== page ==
ORLANDO — The campaign to become Florida's next governor turned into a war of words this week over who had a role in shady business practices that led to fraud charges at the former companies of Democrat Alex Sink and Republican Rick Scott.
Sink unleashed a new round of attacks Tuesday against Scott, marshaling police, sheriffs and state attorneys in two TV ads. One questioned Scott's decision to plead the Fifth Amendment 75 times in a lawsuit involving one of his companies. The other, featuring the law enforcement officials, accuses him of running attack ads that are "totally false" — a claim that disregards portions of Scott's ads that are accurate.
Scott's campaign fired back, announcing Tuesday that it will release two ads attacking Sink. One claims that as president of NationsBank Florida she was responsible for questionable sales practices conducted by a separate securities company that reported to NationsBank Corp.
The other ad echoes one from Scott's Republican allies that singles out Sink for blame over state pension fund losses — she, along with Gov. Charlie Crist and Attorney General Bill McCollum, was one of three members of the board administering the trust fund.
One of Sink's ads features two sheriffs, a Republican and a Democrat, a state attorney from each party and police detectives who attempt to highlight the idea that Scott knew, or should have known, about the Medicare fraud in his hospital chain.
Although his company, Columbia/HCA Corp. paid a $1.7 billion federal fine, Scott left before the fraud charges were filed and was never charged with fraud.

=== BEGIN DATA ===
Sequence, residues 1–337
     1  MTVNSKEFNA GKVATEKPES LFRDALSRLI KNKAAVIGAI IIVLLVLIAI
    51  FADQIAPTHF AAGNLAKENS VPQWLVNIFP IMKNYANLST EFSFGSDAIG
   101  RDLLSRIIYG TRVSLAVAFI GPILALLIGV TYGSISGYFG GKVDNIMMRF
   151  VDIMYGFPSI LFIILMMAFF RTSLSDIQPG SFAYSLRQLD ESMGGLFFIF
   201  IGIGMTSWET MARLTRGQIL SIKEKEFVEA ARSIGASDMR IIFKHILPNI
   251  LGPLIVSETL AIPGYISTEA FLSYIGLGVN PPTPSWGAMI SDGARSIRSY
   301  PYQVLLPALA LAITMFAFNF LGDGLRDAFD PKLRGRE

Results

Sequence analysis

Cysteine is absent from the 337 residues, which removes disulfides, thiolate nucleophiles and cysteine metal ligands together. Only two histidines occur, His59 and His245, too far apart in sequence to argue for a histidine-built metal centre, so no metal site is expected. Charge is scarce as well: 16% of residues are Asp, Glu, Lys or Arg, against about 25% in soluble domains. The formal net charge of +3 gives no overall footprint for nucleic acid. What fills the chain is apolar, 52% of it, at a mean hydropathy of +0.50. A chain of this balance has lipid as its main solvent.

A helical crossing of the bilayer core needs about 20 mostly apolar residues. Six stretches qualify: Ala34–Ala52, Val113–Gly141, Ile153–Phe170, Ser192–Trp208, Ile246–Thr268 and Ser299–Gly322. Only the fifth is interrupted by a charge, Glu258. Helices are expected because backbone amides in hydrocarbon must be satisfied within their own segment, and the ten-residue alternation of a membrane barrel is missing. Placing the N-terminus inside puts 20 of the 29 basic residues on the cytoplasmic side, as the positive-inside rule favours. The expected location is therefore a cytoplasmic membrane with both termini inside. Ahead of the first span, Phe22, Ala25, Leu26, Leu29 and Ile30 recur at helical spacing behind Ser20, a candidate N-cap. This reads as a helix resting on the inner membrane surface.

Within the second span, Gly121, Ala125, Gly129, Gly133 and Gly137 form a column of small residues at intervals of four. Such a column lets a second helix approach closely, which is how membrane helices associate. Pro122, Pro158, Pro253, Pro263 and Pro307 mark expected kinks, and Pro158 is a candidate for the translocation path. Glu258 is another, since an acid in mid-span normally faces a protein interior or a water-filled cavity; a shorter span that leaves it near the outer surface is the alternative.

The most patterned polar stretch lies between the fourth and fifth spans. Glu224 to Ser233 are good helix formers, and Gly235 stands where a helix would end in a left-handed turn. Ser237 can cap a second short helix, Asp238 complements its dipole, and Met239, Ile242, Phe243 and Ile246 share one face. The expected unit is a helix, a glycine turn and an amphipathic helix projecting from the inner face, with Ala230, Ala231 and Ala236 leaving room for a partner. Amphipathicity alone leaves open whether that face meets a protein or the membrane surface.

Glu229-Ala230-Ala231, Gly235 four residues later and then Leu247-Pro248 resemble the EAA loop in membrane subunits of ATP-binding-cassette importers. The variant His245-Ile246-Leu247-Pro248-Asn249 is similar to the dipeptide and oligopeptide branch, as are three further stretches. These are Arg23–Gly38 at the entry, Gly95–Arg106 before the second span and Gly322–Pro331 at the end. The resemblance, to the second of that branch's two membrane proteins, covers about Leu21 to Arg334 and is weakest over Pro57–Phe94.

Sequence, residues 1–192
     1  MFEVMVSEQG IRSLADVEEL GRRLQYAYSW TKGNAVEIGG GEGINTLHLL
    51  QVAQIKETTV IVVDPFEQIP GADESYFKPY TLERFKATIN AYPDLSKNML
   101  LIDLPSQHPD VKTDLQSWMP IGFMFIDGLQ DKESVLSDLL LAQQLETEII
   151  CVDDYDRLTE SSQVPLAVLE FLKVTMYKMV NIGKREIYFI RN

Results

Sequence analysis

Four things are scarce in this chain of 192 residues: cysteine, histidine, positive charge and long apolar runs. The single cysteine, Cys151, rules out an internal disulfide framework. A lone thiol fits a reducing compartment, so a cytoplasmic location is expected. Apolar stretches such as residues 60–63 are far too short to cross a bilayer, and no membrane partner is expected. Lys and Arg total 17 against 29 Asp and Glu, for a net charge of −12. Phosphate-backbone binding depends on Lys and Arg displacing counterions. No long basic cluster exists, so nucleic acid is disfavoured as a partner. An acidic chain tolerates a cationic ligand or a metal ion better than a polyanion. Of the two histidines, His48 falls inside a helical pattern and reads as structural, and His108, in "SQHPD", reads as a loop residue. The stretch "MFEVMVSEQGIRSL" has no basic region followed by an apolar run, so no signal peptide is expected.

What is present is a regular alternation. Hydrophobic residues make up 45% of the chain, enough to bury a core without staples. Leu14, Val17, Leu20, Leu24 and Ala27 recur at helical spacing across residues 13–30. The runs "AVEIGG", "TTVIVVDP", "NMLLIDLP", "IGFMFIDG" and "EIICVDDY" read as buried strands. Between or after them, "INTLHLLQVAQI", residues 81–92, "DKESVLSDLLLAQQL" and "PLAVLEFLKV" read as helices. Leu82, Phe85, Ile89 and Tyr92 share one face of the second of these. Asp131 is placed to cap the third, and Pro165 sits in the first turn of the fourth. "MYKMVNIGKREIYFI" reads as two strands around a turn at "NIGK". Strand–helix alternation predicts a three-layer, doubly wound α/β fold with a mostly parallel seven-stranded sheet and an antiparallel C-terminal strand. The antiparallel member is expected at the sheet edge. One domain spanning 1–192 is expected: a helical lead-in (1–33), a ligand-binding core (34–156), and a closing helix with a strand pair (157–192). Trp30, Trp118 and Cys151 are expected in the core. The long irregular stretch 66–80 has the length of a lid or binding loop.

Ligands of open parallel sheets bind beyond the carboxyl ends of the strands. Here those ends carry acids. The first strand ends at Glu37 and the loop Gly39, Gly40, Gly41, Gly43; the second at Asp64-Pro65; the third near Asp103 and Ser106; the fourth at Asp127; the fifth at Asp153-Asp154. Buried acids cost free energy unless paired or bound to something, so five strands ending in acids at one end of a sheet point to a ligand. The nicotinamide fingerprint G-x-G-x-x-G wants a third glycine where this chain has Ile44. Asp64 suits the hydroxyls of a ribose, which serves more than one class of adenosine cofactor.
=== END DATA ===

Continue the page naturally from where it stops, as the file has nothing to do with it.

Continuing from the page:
"Scott claims he didn't know the company he led was systematically defrauding Medicare," said William Cervone, a state attorney from Alachua County and a Republican. "Ripping off seniors and taxpayers," adds Paul Southwick, a Tampa police sergeant and a Democrat.
In another ad, Martin County Sheriff Robert Crowder, a Republican, stands in a courtroom and says: ''Take it from law enforcement: Rick Scott's ads attacking Alex Sink are totally false."
But independent fact checkers, including PolitiFact Florida, have found that while many elements of Scott's ads are misleading, they are not "totally" false.
In Scott's latest attack ad, the campaign accuses Sink of failing to know about shady investments by the securities subsidiary, NationsBank Securities. That company was accused of deceptive sales practices and settled a class action suit by paying investors $11.5 million and paying a $6.75 million civil fine in 2001. But documents show that NationsBank Florida and Sink were not a party to the suit; the securities subdivision was a separate entity.
Sink said Tuesday that federal laws barred her as a bank executive from having any authority over the securities operations.
The securities division had no responsibility to the banking division.
She said Scott is really desperate to suggest that she had any authority over these employees or the subsequent lawsuit.